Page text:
February 6, 2018        Reading Time: 2 minutes

Your weekly digest of foreign policy commentary:

Reading Time: 2 min read

Li Bin analyses the draft Nuclear Posture Review of the Trump Administration. Image credit – dinhhang / depositphotos



The China-Maldives Connection, The Diplomat, by Sudha Ramachandran, Independent Researcher and Journalist based in Bangalore

“Sino-Maldivian relations have grown remarkably since Chinese President Xi Jinping visited the archipelago in September 2014.”

  • Sudha Ramachandran argues that India’s role in the Maldives appears to be diminishing, while China’s role in the Maldives has been increasing with the FTA and the Belt and Road Initiative.
    • The FTA is expected to open the Maldives’ tourism sector to Chinese investors and China’s market to Maldivian exports; this would especially benefit Maldivian exporters who no longer enjoy EU tariff reductions.
    • However, the FTA could also increase the Maldives’ debt to China, leaving the country vulnerable to Beijing’s interests. Delhi is also concerned that Beijing’s interests could include establishing a naval presence in the Maldives.
    • To balance China’s increasing influence, the Maldives has reaffirmed its India First policy.



Will US Nuclear Posture Review See a Return to Hegemony? Global Times, by Li Bin, Senior Fellow in the Nuclear Policy Program and the Asia Program, Carnegie Endowment for International Peace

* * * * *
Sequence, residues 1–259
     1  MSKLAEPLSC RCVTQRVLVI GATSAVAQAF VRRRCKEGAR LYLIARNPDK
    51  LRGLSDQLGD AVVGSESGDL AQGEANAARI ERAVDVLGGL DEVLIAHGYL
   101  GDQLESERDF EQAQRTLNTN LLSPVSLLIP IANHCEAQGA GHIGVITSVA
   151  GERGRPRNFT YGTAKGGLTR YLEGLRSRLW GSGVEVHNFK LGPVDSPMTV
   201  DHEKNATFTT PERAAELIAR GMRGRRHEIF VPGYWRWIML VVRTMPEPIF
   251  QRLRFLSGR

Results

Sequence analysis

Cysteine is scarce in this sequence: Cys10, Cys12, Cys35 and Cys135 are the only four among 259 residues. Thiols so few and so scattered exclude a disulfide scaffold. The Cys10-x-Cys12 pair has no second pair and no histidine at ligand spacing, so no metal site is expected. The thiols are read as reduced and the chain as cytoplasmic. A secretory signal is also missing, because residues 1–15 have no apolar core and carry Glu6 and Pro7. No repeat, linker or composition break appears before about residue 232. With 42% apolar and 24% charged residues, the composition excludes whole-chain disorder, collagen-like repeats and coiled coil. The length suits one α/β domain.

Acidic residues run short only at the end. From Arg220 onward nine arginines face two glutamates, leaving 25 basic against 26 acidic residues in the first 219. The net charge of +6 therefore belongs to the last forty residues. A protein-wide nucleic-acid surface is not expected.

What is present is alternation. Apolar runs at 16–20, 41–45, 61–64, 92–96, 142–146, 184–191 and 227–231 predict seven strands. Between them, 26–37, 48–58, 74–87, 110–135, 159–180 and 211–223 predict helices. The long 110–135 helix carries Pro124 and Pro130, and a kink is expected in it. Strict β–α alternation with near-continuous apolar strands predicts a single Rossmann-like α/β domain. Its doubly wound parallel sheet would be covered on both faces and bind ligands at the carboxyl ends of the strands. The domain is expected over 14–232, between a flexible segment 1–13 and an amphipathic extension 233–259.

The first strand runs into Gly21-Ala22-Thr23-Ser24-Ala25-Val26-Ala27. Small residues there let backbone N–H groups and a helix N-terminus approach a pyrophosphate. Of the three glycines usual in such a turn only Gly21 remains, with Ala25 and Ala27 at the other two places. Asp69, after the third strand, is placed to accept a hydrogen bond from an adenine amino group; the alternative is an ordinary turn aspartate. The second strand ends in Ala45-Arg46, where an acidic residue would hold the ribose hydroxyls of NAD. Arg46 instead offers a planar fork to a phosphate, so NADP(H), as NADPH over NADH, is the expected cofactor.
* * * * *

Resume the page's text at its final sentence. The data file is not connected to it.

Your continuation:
“The draft Nuclear Posture Review tries to prove that the US needs a tailored strategy to counter China’s nuclear and non-nuclear capabilities.”

  • Li Bin argues that the Trump administration’s draft ‘Nuclear Posture Review’ shows Washington’s intention to use nuclear weapons as a hegemonic tool, rather than as an option of last resort.
    • The use of nuclear weapons as a hegemonic tool means that the US would measure its global leadership and dominance by its range and number of such weapons.
    • The draft (1) claims that China is likely to use nuclear weapons, and (2) states that the US would respond to nuclear and non-nuclear Chinese aggressions.
    • China could respond by affirming that its nuclear weapons are for deterrence and as an option of last resort, since Beijing is not competing for hegemony and does not intend to use nuclear weapons as a hegemonic tool.

Written by Malinda Meegoda and edited by Anishka De Zylva.

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